I don’t remember anyone questioning her undeniable talent and palpable influence she’s had in the industry. Ever. So she’s very much correct to say “I was also a member of the Fugees, another ground-breaking, multi-platinum selling group, who bridged social and cultural gaps, and were ambassadors of hip-hop all around this planet. We laid important groundwork upon which an entire generation of artists and musicians still stand. We broke through conventions and challenged limited world views every time we played.”
To add to that, she was an integral part of the Fugees, I personally think the fellas would’ve been another bar-spitting average clique, had she not been part of the group. She’s an impeccable emcee with beautiful vocals. The original rap singer. But it’s her attitude that’s always been questioned- even by former group members, Pras and Wyclef Jean.
What I found particularly interesting in the letter, was not really her responding to Glasper’s statement, but addressing a bigger issue: misogyny and patriarchy in the industry when she said “And yes, Ms. Hill was absolutely a requirement. I was young, Black and female. Not everyone can work for and give the appropriate respect to a person in that package and in charge. It was important, especially then, for that to be revealed early. I adore Stevie, and honor [sic] Herbie and Quincy, who are our forebears, but they’re not women. Men often can say ‘I want it done like this’ and not be challenged. The same rules don’t always apply for women who may be met with resistance. When this happens you replace that player with someone who respects you and the office you hold.”
If we wake up tomorrow and someone like Priddy Ugly says, he wants be called King Priddy from now on, reluctant as society might be at first, they’ll eventually heed that call. And it would totally be a different story if a Gigi Lamayne, associated herself with royalty. Her artistry would be questioned.
It was like reading useless Facebook posts about people who brag about being older, to those born in the new millennium, when Hill wrote “Most people are probably just hearing your name for the first time because you dropped MINE in an interview, controversially. Taking nothing away from your talent, but this is a fact.”
A cheap shot, really. Glasper is a multi-award winning genius artist that has paid his dues, she knows very well that he’s a pianist that only came to the fore in the popular music scene just over a decade ago.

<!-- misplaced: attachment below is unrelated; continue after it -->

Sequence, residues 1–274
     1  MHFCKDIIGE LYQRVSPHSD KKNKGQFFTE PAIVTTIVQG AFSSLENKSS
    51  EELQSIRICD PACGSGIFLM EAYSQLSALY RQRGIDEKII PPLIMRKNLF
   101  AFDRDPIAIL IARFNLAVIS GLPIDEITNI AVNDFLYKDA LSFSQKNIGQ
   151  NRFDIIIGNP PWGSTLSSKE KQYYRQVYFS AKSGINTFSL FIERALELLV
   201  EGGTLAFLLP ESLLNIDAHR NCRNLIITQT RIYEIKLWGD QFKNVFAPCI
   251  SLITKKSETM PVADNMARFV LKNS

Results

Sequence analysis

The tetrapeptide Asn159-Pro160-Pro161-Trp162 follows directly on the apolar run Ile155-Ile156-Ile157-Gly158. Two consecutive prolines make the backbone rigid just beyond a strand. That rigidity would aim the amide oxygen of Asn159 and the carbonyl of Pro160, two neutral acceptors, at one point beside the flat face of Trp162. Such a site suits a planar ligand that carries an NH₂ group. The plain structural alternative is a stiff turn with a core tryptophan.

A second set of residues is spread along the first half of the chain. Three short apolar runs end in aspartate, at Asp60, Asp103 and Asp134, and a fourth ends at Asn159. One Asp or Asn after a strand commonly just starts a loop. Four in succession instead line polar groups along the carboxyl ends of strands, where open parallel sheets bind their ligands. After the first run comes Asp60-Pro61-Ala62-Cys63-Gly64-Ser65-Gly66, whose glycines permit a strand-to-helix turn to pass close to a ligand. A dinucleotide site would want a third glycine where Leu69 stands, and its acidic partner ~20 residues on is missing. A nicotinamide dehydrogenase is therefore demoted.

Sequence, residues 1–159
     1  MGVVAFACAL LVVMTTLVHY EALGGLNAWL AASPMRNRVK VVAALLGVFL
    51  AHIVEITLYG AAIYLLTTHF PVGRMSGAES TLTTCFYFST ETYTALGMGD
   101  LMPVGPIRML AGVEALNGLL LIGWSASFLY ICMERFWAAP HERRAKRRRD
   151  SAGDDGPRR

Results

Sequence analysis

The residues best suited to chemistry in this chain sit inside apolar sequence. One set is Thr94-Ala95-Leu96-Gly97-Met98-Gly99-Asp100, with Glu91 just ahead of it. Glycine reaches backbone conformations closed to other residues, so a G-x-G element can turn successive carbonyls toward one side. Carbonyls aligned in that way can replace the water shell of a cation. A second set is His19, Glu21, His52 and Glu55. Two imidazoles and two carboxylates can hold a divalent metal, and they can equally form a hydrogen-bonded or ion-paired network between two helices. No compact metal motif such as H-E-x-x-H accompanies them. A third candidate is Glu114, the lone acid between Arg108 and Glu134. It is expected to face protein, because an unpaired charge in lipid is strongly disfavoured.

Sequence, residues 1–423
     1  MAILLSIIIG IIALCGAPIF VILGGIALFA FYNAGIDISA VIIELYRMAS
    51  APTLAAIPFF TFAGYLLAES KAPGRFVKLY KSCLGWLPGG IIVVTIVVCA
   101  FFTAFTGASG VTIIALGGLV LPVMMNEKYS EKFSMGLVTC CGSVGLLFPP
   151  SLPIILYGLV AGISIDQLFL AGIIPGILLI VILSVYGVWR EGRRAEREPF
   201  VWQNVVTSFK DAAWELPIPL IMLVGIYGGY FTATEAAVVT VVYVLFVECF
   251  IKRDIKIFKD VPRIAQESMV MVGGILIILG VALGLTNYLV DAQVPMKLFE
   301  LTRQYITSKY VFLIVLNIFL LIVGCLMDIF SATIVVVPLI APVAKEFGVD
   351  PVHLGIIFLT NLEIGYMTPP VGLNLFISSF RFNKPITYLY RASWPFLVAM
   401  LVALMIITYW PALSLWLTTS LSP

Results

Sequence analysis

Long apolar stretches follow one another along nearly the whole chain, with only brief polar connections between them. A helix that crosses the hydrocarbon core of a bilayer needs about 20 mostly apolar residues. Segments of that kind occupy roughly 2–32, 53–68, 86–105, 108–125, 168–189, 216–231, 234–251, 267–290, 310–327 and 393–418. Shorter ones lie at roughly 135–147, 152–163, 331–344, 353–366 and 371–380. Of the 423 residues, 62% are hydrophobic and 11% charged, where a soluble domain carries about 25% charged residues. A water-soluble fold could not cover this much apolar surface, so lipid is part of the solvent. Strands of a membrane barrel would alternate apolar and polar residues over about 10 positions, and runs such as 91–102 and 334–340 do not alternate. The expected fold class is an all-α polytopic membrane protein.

But fortunately there was no malicious speech between the two artists, it was honest criticism and a simple difference in opinion, which both creatives respected.Or so it seems.
It had nearly been a decade since Miriam Makeba released any project, when she gave the world her classic album Sangoma in 1988.
Mama Africa, as she was known throughout the world, was a superstar of note. She is credited, alongside Youssou N’dour, Salif Keita and Hugh Masekela and others, for being the first globally recognized African musicians.
Sangoma was as a follow up to Comme une Symphonie d’amour that came out in 1979. She was the first world superstar to come from Mzansi, who never lost touch with her Africaness, regardless of where in the world she was.
During her time in exile, after being banned by the South African government, a number of countries became an abode for her. She was issued passports by Algeria, Guinea, Belgium and Ghana. She held nine passports and was granted honorary citizenship by at least 10 countries.
True to her moniker Mama Africa, she was the only performer invited by Halie Selassie to perform at the inauguration of the Organisation of African Unity (what it today known as the African Union) in 1963. A book could be written on her life as a political activist, alone. She was married to Stokely Carmichael, who was a prominent member of the Black Panther Party, and was very vocal against the apartheid system in South Africa, from wherever she was in the world.
In her Grammy award winning album with Harry Belafonte in 1966,one of the stand-out songs there was Ndodemnyama Verwoerd! which lambasted one of the architects of the oppressive system.
She had style, poise yet at the same time, abrasive when it came to things she was passionate about. Often misunderstood, much like her friend Nina Simone, she left a legacy that a lot of African artists live off today.
Her influence couldn’t be captured in one article. But as Sangoma celebrates 30 years since its release, here are some of the songs that came with the album.